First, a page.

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When a company sets out to revamp its customer experience, it tends to focus on the extreme, rare customer service catastrophes. But I tend to discourage them from going there first, because I subscribe to “the broken windows theory” of customer service and the customer experience.
The UN General Assembly recently demanded the withdrawal of Russian peacekeepers from Transnistria.
The non-legally binding decree was passed with a simple majority and intended to send a political message to both Russia and Moldovan President Dodon.
The first-mentioned has had its troops deployed in the contested region for more than two decades per an international agreement with the official host state of Moldova, with this occurring in the chaos of the post-Soviet collapse and intended to prevent a resumption of the separatist conflict.
As for the second one, President Dodon is embroiled in a ‘deep state’ civil war in which the Atlanticist elements of his permanent military, intelligence, and diplomatic bureaucracies are trying to sabotage his pro-Eurasian “balancing” act with Russia in order to streamline the country’s admission to the EU and NATO, both of which would imply a militant “solution” to the Transnistrian issue first.
The UN General Assembly Resolution was therefore accurately interpreted by the Russian Foreign Ministry as “propaganda for certain political forces in Moldova”, with First Deputy Permanent Representative to the United Nations Dmitry Polyansky lamenting that:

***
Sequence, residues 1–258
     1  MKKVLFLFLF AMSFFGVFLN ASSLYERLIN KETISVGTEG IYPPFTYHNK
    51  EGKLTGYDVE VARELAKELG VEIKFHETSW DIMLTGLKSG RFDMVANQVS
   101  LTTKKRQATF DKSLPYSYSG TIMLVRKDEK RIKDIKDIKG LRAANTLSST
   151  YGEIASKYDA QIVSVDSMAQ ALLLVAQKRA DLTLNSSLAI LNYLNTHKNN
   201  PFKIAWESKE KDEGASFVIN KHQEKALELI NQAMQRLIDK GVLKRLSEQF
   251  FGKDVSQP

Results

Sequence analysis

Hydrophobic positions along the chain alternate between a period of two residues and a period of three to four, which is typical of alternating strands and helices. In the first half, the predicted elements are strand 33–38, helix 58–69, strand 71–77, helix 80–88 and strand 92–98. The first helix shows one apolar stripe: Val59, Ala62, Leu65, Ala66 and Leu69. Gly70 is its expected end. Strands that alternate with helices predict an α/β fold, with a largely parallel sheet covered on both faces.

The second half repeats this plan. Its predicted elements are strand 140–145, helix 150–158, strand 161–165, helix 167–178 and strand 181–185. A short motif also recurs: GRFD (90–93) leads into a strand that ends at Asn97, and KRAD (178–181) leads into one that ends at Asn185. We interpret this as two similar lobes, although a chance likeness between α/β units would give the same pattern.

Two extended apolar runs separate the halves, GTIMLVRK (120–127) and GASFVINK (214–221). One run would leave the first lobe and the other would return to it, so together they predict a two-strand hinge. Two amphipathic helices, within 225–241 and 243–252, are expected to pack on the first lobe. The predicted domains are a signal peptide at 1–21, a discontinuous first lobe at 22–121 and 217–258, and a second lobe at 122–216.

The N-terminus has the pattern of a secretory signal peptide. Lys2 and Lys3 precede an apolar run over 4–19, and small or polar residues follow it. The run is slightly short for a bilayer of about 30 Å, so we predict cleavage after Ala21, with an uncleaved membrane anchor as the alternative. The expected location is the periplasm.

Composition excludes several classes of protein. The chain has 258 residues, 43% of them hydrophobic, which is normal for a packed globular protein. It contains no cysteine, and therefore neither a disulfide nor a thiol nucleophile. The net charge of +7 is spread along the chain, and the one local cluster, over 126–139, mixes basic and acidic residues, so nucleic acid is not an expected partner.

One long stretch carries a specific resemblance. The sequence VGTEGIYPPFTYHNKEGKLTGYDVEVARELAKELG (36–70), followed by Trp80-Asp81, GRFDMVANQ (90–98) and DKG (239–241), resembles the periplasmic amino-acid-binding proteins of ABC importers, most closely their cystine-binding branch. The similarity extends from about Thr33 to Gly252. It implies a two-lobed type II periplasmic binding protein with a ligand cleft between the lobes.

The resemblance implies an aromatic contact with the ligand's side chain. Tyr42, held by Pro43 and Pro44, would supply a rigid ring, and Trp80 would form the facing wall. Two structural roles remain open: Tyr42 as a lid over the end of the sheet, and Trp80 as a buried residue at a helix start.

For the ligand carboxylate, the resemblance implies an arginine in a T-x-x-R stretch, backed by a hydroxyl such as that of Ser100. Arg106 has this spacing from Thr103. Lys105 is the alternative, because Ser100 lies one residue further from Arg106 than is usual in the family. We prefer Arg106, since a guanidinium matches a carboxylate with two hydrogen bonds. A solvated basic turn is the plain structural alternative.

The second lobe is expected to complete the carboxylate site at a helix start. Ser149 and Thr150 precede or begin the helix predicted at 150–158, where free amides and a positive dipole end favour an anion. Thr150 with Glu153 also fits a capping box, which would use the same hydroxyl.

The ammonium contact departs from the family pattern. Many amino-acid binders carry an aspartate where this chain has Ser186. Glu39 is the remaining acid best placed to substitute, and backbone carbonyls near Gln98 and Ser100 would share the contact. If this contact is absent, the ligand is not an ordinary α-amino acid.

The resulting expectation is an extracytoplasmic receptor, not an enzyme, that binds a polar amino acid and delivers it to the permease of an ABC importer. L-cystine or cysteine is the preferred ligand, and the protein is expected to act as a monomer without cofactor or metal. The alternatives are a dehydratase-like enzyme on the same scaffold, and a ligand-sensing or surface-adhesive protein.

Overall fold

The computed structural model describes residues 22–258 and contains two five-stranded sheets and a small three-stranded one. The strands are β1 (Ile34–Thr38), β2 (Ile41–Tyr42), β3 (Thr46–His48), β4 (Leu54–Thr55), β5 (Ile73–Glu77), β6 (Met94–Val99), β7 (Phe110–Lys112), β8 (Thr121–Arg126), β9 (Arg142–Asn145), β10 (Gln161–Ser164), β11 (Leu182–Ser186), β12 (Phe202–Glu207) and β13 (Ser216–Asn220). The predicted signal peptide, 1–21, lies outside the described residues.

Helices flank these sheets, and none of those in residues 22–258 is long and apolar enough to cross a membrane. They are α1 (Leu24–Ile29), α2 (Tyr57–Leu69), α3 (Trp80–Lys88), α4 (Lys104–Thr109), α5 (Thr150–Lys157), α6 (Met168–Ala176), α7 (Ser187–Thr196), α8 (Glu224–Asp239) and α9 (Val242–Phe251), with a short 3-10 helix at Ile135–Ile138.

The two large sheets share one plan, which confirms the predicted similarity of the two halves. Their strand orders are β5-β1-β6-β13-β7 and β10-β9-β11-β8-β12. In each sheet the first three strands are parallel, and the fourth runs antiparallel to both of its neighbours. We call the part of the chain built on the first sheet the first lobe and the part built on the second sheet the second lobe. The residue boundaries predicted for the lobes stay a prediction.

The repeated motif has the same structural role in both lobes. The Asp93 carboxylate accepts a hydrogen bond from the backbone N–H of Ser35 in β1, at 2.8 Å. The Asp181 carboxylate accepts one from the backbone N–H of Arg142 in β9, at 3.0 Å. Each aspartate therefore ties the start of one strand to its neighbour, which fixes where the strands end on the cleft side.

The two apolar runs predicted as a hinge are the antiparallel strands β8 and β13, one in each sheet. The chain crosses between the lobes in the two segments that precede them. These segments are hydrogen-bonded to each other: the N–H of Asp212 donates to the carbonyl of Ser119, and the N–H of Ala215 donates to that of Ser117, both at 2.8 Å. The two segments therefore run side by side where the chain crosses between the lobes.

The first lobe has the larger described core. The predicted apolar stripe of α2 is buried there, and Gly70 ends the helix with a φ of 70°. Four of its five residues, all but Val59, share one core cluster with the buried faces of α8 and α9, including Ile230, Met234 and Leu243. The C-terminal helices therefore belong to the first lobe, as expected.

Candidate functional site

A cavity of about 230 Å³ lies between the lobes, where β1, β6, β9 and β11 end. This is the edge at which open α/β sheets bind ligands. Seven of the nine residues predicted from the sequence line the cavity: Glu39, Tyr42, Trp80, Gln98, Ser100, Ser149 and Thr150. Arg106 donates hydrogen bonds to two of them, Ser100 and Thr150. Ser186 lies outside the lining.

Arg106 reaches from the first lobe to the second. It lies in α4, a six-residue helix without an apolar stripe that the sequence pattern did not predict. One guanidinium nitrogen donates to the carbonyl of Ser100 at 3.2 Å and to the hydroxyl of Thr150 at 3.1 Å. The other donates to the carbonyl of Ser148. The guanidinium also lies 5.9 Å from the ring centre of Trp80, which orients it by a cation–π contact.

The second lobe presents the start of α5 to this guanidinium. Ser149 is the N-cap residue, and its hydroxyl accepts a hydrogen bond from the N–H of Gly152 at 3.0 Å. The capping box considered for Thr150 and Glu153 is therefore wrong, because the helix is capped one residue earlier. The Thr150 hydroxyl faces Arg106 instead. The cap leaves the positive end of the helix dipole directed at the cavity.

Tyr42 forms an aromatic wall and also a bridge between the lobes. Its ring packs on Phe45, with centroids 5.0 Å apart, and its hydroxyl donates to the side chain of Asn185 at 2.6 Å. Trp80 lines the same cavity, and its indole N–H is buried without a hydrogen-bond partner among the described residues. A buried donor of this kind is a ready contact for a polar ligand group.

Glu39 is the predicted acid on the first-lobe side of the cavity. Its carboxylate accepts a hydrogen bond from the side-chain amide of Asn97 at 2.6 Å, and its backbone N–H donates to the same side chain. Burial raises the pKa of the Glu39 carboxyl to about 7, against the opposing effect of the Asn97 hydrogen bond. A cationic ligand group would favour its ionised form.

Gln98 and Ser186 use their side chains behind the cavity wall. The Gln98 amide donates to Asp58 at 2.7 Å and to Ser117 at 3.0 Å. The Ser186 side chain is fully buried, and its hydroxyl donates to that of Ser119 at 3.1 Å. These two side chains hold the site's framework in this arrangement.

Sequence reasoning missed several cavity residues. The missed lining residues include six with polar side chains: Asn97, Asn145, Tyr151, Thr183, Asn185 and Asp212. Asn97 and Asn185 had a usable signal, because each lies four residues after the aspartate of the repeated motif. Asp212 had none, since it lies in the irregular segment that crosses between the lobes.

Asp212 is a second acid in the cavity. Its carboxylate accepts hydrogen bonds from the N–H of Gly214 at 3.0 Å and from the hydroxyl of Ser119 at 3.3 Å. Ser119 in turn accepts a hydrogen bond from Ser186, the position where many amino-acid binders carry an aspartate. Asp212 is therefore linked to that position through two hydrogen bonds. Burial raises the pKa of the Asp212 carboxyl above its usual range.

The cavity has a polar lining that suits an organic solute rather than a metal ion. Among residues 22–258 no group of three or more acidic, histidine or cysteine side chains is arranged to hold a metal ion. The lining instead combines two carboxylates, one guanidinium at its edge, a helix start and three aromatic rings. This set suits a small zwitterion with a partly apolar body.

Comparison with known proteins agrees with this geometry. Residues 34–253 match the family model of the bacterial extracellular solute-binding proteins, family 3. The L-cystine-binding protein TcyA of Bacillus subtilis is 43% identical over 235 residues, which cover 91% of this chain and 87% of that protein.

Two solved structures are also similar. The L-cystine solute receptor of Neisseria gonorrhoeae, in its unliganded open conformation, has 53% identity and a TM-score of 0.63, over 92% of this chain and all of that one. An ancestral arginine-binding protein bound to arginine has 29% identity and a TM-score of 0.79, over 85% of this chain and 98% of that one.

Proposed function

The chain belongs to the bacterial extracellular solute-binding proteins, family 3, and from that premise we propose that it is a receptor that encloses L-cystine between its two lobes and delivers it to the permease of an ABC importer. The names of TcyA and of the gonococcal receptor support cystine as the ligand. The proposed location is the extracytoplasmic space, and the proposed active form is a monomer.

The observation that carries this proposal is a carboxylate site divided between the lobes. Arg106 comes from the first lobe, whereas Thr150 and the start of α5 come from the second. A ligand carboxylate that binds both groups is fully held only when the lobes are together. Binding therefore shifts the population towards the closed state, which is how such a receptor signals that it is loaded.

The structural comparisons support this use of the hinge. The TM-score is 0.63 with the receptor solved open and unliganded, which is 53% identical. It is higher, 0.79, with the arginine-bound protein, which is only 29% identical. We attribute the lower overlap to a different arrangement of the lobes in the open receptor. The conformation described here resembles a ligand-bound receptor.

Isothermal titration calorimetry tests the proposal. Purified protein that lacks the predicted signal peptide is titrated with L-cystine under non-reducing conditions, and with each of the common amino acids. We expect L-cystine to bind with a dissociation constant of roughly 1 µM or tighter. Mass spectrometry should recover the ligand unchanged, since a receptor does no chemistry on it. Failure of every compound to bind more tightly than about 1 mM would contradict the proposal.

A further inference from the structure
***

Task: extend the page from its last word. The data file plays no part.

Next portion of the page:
“The outcome of the voting is regretful for us… (because) excessive politicization of the problem occurred at the very moment when we see certain progress in talks between Chisinau and Tiraspol.”
That’s indeed the case, as President Dodon’s Atlanticist “deep state” enemies want to rekindle this frozen conflict to the extent that it provokes the renewal of low-intensity hostilities that could then be misleadingly framed as so-called “Russian aggression” in order to continue piling pressure on the country’s interests in Moldova.
Analyzed from this perspective, the West is “reverse-engineering” the scenario needed for making this as “convincing” to the international public as possible, hence the need to construct the perception of UN approval for its anti-Russian demands that – if ever implemented – would surely lead to an outbreak of hostilities against the breakaway region much worse than what happened during Saakashvili’s 2008 attack against South Ossetia.
It’s precisely for this reason why Russia won’t ever unilaterally abandon its partners in Transnistria like the Resolution demands that it do and why Moscow interprets this as a political signal more than anything else.
All told, the increasingly renewed attention being given by the West to the Transnistrian conflict portends its possible thawing, all with the intent of opening up another Hybrid War battlefront for “containing” Russia.